Textile: L. 9 1/2 in. (24.1 cm)
W. 17 in. (43.2 cm)
Mount: L. 15 3/8 in. (39.1 cm)
W. 22 in. (55.9 cm)
Wt. 8 lbs. (3.6 kg)
Rogers Fund, 1927
Not on view
Different regions, even different towns within the same region, specialized in distinctive textile products. Yemen was well known for a fabric with characteristic irregular stripes, known as ikat, which weavers in Egypt learned to imitate during the Fatimid period. This ikat textile, attributed to Egypt, bears bands of ornamental inscription flanking a central row of star‑shaped cartouches enclosing palmettes which alternate with ovoid cartouches containing griffins, all tapestry‑woven into the Yemeni‑style matrix.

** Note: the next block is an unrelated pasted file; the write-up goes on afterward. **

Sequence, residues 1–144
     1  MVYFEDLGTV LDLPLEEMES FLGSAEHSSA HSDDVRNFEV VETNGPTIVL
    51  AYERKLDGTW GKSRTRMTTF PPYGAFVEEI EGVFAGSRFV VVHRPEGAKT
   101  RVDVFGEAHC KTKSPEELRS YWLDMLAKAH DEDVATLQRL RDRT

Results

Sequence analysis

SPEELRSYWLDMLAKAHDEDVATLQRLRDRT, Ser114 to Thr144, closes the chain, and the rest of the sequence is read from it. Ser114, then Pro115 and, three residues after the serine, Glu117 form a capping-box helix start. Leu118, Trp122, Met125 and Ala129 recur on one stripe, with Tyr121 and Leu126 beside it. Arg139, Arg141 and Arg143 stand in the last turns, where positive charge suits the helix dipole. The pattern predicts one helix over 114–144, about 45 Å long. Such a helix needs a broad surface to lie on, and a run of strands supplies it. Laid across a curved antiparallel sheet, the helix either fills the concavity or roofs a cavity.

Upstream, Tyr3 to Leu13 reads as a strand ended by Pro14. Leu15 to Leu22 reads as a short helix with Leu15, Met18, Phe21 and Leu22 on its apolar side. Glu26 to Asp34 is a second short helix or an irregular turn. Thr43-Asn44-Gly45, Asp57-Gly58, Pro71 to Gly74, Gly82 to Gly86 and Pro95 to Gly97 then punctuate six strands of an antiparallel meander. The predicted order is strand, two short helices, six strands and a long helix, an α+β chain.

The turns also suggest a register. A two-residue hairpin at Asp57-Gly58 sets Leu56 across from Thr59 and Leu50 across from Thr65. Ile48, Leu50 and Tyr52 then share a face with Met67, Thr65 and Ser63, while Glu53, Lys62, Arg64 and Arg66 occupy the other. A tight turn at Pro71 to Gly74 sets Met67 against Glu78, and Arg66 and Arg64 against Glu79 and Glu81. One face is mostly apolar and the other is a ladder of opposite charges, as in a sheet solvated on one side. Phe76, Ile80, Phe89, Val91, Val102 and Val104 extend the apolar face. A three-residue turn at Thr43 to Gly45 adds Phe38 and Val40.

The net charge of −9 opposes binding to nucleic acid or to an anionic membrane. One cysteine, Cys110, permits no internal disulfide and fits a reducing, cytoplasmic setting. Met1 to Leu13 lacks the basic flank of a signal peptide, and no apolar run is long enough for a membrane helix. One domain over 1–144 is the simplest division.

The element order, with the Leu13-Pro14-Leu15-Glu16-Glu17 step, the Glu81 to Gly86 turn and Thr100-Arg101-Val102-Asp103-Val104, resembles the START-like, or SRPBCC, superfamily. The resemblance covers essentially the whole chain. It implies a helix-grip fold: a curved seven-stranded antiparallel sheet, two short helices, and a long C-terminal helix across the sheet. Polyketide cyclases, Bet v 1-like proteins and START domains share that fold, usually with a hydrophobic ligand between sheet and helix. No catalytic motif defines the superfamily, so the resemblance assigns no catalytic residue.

[ Joseph Abemayor, Cairo, until 1927; sold to H.E. Winlock for MMA]
New York. The Metropolitan Museum of Art. "Tiraz: Inscribed Textiles from Islamic Workshops," December 15, 1992–March 14, 1993, no. 5.
Walker, Daniel S., and Aimee Froom. "Exhibition Notebook." In Tiraz: Inscribed Textiles from Islamic Workshops. New York, NY: The Metropolitan Museum of Art, 1992. no. 5, pp. 16-17.
Carboni, Stefano. "The Arts of the Fatimid Period at the Metropolitan Museum of Art." The Ismaili (2008). p. 5, ill. fig. 4 (color).